As we would expect given the current climate around Covid-19 and knock on effects in financial markets and businesses, the FCA have announced a somewhat more responsive Business Plan and proposals for 2020/21 and have taken the current situation into consideration when announcing their levies and those of other bodies collected on behalf of the treasury. They have been quite realistic about the fact that we do not know the long term impact that the current crisis will have on the markets and our industry, so we fully expect delays to their long term plans.
Their immediate focus on areas of greatest potential harm will continue to centre efforts on ensuring:
For a full breakdown of FCA Covid-19 support and policies see here.
The Business Plan is focused on the next 1-3 years so, longer-term, the focus will be ensuring consumers can make effective investment decisions about their savings and are not exposed to risky or poor value investment products, and something I would suspect most of us have been doing; but are now making a major priority, is transforming our own operations for a digital age.
The FCA will be looking to learn lessons from this emergency about the data they collect, how this is used, and how quickly it can be used to make decisions and deliver results. A lot of the plans in here are around the transformation of the FCA and the current systems they use and how this can evolve to ensure that issues can be identified and dealt with at an early stage. In addition, they will continue to focus on the end outcomes for consumers and want all firms to do the same.
‘We want all firms to take the end outcomes for consumers and markets into greater account when they design and deliver services’.
They expect to measure this with the speed that they identify harm and make consequent decisions.
Of course, we can’t forget about Brexit! The FCA will be focusing on working with the Government and stakeholders to shape future regulatory framework.
No change at a high level where they expect firms and their employees to meet these standards and hold them to account when they fail to do so.
There is a big but though, over the coming year, they will be shifting their focus towards smaller firms. As we know, most firms comply, but we are also aware there are the few which do not. They will, therefore, shift focus towards those firms that consistently fail to meet the required standards and move more swiftly to enforce action against them.
At present, there is a significant risk of harm in markets. In part, driven by the way consumers have been given additional responsibility for complex investment decisions, through the shift to DC pensions following pension freedoms. The view is that the investment distribution process, and the support network around it, is not working well enough for consumers to make effective decisions about their investments.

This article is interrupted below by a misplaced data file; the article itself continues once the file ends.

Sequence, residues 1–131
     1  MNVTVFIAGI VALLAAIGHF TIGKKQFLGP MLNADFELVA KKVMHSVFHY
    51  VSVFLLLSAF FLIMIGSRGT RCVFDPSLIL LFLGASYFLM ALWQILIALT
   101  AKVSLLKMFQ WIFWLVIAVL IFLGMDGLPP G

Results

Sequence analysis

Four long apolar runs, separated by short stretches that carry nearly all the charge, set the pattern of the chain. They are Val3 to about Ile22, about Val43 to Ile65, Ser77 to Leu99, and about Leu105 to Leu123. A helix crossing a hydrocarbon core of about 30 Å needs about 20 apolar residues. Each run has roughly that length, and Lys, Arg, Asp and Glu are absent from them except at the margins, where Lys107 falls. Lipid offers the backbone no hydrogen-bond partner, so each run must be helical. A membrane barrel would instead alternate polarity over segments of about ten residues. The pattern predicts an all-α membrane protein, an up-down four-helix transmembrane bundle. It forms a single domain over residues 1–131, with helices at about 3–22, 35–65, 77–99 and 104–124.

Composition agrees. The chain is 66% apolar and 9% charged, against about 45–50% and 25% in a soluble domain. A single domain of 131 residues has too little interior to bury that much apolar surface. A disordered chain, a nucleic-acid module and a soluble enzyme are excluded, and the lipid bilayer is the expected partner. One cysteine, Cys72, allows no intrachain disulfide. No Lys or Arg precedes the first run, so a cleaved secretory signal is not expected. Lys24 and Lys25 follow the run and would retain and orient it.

The focus here is to ensure:
To help tackle this, the FCA is going to run an initial campaign to help consumers make better-informed investment decisions. This new campaign will target consumers investing in high risk, high return, illiquid investments. The FCA is consulting on a proposal to undertake this campaign and the basis of recovering the 2020/21 costs from fee-payers.
You can contribute to Consultation Paper 20/6 here.
This will be measured in a variety of indicators;
Some of the other key areas of focus will be ensuring consumer credit markets work well, making payments safe and accessible and delivering fair value in a digital age.
Alongside some of the individual key focuses mentioned above, the FCA will continue to ‘work across sectors in areas that have a broad market impact’. Some of the areas highlighted include;
FCA annual funding requirement (AFR) for 2020/21 is £587.6m, an across the board increase of 5.2%.
Given the impact of Covid-19, in apportioning the AFR across fee-blocks the FCA have aimed to ensure that they protect the smallest firms by proposing a freeze of minimum fees which will remain unchanged from 2019/20. This means that the 71% of firms that are small enough to only pay minimum fees will see no change in the fees they pay.
That doesn’t, however, mean that fees are not going to rise as minimum fees are fixed amounts that each firm pays. The amount of AFR recovered from the A.0 FCA minimum fee fee-block depends on the number of existing firms that remain authorised at the beginning of the fee year (1 April), and the number of new firms that become authorised during the forthcoming year. It is likely that most firms will see a modest rise of 1.6%, which is far better than it could be.
You are able to calculate your proposed annual fees for 20/21 here.
But please bear in mind that these are only proposed and could change by the time they are approved by the FCA board in June 2020.
Small and medium-sized firms (total fees and levies in 20/21 of less than £10k) will have an extension to the period for paying their fees by two months to 90 days.
The FCA is reviewing authorisation application fees, as these fees have been in place for the best part of 20 years. We expect to see the details in the Autumn and expect to see them increase in April 2021. The vast majority of firms newly applying to be directly authorised will see the current charge is £1,500 and this is expected to rise to circa £2,500.
When firms apply for variations of permission (VoP’s) that bring them into a new fee-block, they normally pay half of the application fee, or £250 if they stay in the same fee-block. There will now be a review on all of our application fees, with a view to simplifying their structure and, at least, bringing them into line with inflation.